KAMAZ truck "Typhoon" being displayed during the KAMAZ motor output show at the testing grounds on the premises of the interior troops' operations brigade, Moscow Region. Source: RIA Novosti
The modernization of the Russian army is entering a new phase, with the country’s armed forces undergoing a standardization process in various forms. This includes ground troops, where the development of universal combat platforms for tanks and combat vehicles is in progress.
Victor Murakhovsky, an expert in the armament of armored force vehicles, says that standardization simplifies operations, as well as the use of technology in combat. Much like with LEGO bricks, a single chassis can be used to change modules and special equipment without having to make any serious alterations to the design of the machine itself.
According to the expert, the project is being developed across three main spheres. In the field of heavy equipment weighing up to 60 tons, the project is called Armata. The result will be the creation of a new main battle tank – a heavy infantry combat vehicle that belongs to the family of Russian army engineering technology. Armata is a project whose details are no less secret than the fifth-generation T-50 aircraft project was some time ago.
Secret Russian tank will go into production in 2015
The only thing that is known about the new tank is that it will have an unmanned turret. The crew will operate from an isolated armored capsule, which will enhance protection from enemy fire. Testing of the new tank will begin next year, and deliveries to the army will take place in 2015-2020.
Around the same time, according to Russian Deputy Prime Minister Dmitry Rogozin, the new tank will be shown at the Victory Day parade on Moscow’s Red Square. The Ministry of Defense plans to receive at least 2,300 of these vehicles.
The next sphere is a line of armored vehicles that weigh up to 25 tons: Boomerang and Kurganets. The main feature of these vehicles will be the fact that the engine will be located in the front instead of in the rear.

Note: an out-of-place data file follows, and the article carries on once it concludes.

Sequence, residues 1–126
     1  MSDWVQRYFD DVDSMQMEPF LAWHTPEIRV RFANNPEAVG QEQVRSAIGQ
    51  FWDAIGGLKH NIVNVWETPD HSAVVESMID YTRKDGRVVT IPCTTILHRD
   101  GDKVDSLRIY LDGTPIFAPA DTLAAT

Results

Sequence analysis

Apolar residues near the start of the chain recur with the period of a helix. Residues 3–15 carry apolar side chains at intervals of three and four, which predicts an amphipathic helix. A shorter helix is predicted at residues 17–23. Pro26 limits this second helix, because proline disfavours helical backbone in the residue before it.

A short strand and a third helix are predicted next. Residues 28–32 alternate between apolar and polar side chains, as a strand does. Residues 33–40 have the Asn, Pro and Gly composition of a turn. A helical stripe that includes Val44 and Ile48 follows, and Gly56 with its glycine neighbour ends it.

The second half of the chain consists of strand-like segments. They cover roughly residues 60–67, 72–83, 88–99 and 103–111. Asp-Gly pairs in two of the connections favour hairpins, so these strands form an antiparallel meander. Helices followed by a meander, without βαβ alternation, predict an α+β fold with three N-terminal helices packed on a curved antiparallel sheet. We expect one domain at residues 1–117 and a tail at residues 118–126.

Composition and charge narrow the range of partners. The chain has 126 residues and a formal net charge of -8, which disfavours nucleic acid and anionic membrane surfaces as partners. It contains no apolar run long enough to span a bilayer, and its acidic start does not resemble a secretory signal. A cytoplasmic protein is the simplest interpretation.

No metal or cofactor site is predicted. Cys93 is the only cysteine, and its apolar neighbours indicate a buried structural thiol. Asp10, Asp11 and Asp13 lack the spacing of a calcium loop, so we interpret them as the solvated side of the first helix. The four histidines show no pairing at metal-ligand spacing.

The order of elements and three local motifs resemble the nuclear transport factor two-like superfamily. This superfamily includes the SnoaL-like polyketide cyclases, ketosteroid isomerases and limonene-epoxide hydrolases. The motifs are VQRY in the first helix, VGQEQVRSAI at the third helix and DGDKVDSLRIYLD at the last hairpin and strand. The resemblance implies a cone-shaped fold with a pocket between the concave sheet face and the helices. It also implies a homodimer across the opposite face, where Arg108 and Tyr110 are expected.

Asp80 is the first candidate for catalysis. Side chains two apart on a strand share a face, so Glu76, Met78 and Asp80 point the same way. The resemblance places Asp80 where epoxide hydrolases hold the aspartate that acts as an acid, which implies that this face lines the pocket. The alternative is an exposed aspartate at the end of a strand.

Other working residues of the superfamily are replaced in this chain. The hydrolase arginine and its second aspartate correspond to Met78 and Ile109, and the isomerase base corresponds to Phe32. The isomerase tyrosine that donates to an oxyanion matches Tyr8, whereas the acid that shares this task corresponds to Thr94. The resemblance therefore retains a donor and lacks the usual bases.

This will both protect the crew from direct enemy fire and will allow for the placement of full troop compartments in the back of the vehicle. Personnel will exit the vehicle via doors that swing open or a hinged ramp.
The anti-landmine Typhoon
The last sphere comprises a light military vehicle called Typhoon. In many ways, this vehicle is futuristic in appearance: It is an entire family of multifunctional vehicle platforms. The “simplest” vehicle is an armored multi-axle car that is to be used to transport military personnel. Its basic characteristics: the ability to overcome water obstacles deeper than two meters and a cross-country speed of over 100 kilometers per hour.
Inside the armored box truck, special anti-mine seats for personnel line the sides. The seats are designed to protect military personnel from explosions if the vehicle rolls over a bomb. All chairs have an ergonomic basis, fully following the outline of the human back.
The seats are equipped with military belts similar to those found in race cars. Moreover, all the seats in the crew compartment are attached to the ceiling of the vehicle with special arcs. This design is particularly impressive in terms of protection against landmines.
These machines are fully computerized. Inside the crew compartment, LCD screens display technical information about the vehicle and also broadcast directly from cameras located outside the car. Even when there is a complete loss of visibility, the Typhoon can be directed to the battlefield with instruments alone.
Betting on standardization
Another requirement for modern combat vehicles is modularity. There are ten different types of two-, three-, and four-axle trucks in the new KAMAZ Mustang family alone. KAMAZ has created its own armored car called Vystrel, based on this family of trucks.
There is even an amphibious version of the truck, which is meant to replace the legendary and “indispensible” GAZ-66. Each line features complete interchangeability of parts and mechanisms in order to facilitate repair in the field.
The company also offers a platform for assembling weapons systems. For example, the four-axle hauling unit is part of a Pantsir self-propelled anti-aircraft gun missile system. This module weighs 24 tons.
The Russian Ministry of Defense hopes that the emergence of a new family of standardized combat platforms will significantly reduce the cost of maintaining the fleet and will also increase efficiency, since the same chassis can be used for complementary combat units within one army division.
Such solutions will also offer excellent export prospects. After all, not every customer needs just a crawler tractor or just a rolling vehicle. The modular design makes it possible to mount a combat unit on any chassis.
For example, the Armor gun anti-aircraft missile system is based on the KAMAZ wheel chassis and can also be used on a crawler chassis or as a stationary unit. However, despite their export potential, these vehicles are unlikely to be supplied to foreign clients before the Russian Armed Forces are equipped with them.
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